Display Settings:

Format

Send to:

Choose Destination
See comment in PubMed Commons below
Am J Hum Genet. 2012 Jan 13;90(1):61-8. doi: 10.1016/j.ajhg.2011.11.030.

Mutations in SLC33A1 cause a lethal autosomal-recessive disorder with congenital cataracts, hearing loss, and low serum copper and ceruloplasmin.

Author information

  • 1Department of Pediatrics and Pediatric Neurology, Georg August University, Göttingen, Germany. phuppke@med.uni-goettingen.de

Erratum in

  • Am J Hum Genet. 2012 Feb 10;90(2):378.

Abstract

Low copper and ceruloplasmin in serum are the diagnostic hallmarks for Menkes disease, Wilson disease, and aceruloplasminemia. We report on five patients from four unrelated families with these biochemical findings who presented with a lethal autosomal-recessive syndrome of congenital cataracts, hearing loss, and severe developmental delay. Cerebral MRI showed pronounced cerebellar hypoplasia and hypomyelination. Homozygosity mapping was performed and displayed a region of commonality among three families at chromosome 3q25. Deep sequencing and conventional sequencing disclosed homozygous or compound heterozygous mutations for all affected subjects in SLC33A1 encoding a highly conserved acetylCoA transporter (AT-1) required for acetylation of multiple gangliosides and glycoproteins. The mutations were found to cause reduced or absent AT-1 expression and abnormal intracellular localization of the protein. We also showed that AT-1 knockdown in HepG2 cells leads to reduced ceruloplasmin secretion, indicating that the low copper in serum is due to reduced ceruloplasmin levels and is not a sign of copper deficiency. The severity of the phenotype implies an essential role of AT-1 in proper posttranslational modification of numerous proteins, without which normal lens and brain development is interrupted. Furthermore, AT-1 defects are a new and important differential diagnosis in patients with low copper and ceruloplasmin in serum.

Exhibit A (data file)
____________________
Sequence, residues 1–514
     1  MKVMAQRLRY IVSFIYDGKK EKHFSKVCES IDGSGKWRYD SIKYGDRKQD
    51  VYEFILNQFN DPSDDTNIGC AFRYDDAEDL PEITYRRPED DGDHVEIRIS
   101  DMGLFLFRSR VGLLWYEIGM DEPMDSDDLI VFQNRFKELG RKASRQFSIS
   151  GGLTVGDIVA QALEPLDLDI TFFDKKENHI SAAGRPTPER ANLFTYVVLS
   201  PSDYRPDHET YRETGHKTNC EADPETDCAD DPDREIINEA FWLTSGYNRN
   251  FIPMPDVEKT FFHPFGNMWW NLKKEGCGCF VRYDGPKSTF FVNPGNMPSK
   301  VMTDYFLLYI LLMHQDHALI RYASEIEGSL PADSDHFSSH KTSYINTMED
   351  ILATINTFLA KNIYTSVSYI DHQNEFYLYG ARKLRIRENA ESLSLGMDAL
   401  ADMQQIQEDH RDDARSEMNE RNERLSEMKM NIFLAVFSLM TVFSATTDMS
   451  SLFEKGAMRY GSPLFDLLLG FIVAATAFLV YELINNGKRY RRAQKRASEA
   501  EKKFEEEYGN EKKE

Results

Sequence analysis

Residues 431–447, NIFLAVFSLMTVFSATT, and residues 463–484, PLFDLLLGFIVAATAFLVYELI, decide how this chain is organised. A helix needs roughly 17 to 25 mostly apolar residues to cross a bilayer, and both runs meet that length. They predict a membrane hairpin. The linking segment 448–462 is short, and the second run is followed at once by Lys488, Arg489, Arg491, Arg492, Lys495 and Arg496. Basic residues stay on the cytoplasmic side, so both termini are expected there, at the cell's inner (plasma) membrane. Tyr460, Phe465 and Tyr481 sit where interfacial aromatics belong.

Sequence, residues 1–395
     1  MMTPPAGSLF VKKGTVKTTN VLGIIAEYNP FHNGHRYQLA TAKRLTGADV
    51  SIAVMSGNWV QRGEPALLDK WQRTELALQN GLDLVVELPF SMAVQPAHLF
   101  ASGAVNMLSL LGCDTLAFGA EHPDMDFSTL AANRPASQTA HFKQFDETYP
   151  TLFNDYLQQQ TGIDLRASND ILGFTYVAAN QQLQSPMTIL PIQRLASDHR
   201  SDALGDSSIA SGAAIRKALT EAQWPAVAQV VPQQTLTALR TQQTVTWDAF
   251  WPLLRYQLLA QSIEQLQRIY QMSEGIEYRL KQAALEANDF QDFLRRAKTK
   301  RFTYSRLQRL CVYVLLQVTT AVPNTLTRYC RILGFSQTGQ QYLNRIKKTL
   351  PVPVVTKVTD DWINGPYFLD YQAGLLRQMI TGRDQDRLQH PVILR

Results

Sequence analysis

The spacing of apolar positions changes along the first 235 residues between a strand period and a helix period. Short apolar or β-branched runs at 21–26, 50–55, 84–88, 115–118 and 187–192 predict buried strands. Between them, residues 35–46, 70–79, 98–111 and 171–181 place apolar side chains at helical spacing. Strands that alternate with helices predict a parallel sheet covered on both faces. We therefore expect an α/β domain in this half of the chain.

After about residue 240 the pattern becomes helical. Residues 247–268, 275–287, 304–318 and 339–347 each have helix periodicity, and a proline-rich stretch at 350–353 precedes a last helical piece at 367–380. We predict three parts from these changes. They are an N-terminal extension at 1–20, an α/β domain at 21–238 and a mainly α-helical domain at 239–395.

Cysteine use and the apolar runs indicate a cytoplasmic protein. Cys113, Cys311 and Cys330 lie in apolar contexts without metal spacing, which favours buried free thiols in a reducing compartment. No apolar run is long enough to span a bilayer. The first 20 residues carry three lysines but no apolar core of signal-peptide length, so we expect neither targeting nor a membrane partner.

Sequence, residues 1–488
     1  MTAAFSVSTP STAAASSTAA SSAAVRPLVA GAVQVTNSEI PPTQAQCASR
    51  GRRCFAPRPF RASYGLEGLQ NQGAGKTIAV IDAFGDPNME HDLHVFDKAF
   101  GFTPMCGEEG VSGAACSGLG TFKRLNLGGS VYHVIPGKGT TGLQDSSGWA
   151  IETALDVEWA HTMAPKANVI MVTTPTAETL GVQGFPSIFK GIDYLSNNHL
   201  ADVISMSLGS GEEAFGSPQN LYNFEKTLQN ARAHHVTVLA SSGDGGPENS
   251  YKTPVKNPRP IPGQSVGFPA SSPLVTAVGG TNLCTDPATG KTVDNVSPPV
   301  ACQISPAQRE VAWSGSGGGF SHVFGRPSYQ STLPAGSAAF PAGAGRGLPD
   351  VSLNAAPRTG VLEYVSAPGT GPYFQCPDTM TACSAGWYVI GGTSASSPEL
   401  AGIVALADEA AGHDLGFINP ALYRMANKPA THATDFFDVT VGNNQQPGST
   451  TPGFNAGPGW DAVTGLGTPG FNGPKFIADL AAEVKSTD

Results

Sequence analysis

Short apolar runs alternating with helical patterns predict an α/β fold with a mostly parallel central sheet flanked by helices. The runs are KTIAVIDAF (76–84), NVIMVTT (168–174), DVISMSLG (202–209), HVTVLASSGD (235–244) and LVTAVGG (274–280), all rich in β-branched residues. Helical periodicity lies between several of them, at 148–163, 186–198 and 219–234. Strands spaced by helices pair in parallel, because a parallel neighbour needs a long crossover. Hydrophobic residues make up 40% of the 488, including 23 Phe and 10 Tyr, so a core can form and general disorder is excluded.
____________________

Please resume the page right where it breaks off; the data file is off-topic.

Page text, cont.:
Copyright © 2012 The American Society of Human Genetics. Published by Elsevier Inc. All rights reserved.

PMID:
22243965
[PubMed - indexed for MEDLINE]
PMCID:
PMC3257879
Free PMC Article

Images from this publication.See all images (5)Free text

Figure 1
Figure 2
Figure 3
Figure 4
Figure 5
PubMed Commons home

PubMed Commons

0 comments
How to join PubMed Commons

    Supplemental Content

    Icon for Elsevier Science Icon for PubMed Central
    Loading ...
    Write to the Help Desk